Need someone to check my work

Apr 2013
349
0
Ramallah, Palestine
\(\displaystyle g(x) = 1/5x^5 - 8/3x^3 + 16x\)

what is the y intercept?

y = 0

Is there any symmetry?

yes odd because f(-x) = -f(x) so odd symettry

On what intervals is the function increasing?
\(\displaystyle x^4 - 8x^2 + 16 = 0

(x^2 - 4)(x^2 - 4) = 0
x +- 2\)
(infinity,-2)U(-2,2)U(2,infinity)

is it decreasing?
It is never decreasing bc: when you plug in a 0 you get a 0 which is not negative, so it can't be decreasing.

Where does the function have a local maximum?


x = none because it is never decreasing

Where does the function have a local miniomum?
x = None because again it is never decreasing.

Where is the function concave up?

Take second derivative and get
\(\displaystyle g''(x) = 4x(x^2 - 4)\)

now i need to plug in two numbers a number smaller than the horizontal asymptote and one larger than the horizontal asymptote? but how do I know what they are? Like what Do i need to do at this point, cause i am kind of lost.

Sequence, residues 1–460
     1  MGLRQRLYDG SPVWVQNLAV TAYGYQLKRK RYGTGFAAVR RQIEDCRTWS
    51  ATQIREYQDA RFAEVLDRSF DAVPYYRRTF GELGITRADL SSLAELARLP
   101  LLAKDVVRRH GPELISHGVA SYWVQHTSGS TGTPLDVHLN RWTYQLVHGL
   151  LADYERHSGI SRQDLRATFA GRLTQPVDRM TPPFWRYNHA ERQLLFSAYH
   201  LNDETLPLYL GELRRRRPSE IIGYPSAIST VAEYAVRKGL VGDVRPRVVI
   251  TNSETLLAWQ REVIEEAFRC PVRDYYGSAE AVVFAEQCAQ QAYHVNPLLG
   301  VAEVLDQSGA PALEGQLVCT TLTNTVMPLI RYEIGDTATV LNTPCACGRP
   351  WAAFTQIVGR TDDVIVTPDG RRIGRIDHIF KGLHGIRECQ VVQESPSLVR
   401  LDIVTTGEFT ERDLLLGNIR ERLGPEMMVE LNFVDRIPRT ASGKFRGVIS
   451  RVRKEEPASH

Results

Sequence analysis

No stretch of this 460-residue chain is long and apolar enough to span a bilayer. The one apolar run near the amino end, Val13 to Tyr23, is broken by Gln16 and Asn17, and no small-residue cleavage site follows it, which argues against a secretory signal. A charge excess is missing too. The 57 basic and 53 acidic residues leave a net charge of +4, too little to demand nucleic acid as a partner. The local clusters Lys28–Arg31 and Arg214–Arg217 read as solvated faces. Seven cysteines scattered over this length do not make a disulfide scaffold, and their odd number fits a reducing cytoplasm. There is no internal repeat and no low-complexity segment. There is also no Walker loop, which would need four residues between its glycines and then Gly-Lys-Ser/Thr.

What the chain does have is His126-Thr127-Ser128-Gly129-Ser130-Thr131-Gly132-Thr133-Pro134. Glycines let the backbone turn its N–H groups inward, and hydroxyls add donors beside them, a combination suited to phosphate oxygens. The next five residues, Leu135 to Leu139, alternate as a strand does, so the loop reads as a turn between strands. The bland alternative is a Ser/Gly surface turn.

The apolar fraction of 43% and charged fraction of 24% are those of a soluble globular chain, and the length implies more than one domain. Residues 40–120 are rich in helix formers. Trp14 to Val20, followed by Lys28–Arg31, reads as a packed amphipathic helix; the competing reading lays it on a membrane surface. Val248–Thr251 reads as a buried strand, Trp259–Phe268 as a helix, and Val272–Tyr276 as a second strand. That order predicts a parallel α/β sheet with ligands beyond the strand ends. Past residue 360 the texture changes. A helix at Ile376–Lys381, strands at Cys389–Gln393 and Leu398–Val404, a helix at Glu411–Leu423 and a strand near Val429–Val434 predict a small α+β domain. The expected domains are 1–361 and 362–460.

Where are the inflection points?

Again I need help :(
 
Oct 2013
126
0
Sydney Australia
I am really rusty on this stuff but

g"(x) = 4x(x-2)(x+2)

This is a cubic finishing in the 1st and 3rd quadrants.

When the function is concave up, g"(x) must be positive which happens when -2<x<0 and when x>2
When the function is concave down, g"(x) must be negative which happens when x<-2 and when 0<x<2
So if concavity changes from negative to positive at a point doesn't that mean that the point is a point of inflection?
And, since the function is never decreasing doesn't that mean that x=-2,0, and 2 must all be points of inflection?

Also, this is an odd function so it has point symmetry but it does not have an axis of symmetry.

Like I said, I haven't done this stuff for a long time so maybe I am not right.

Also, how do you put the maths type into your question?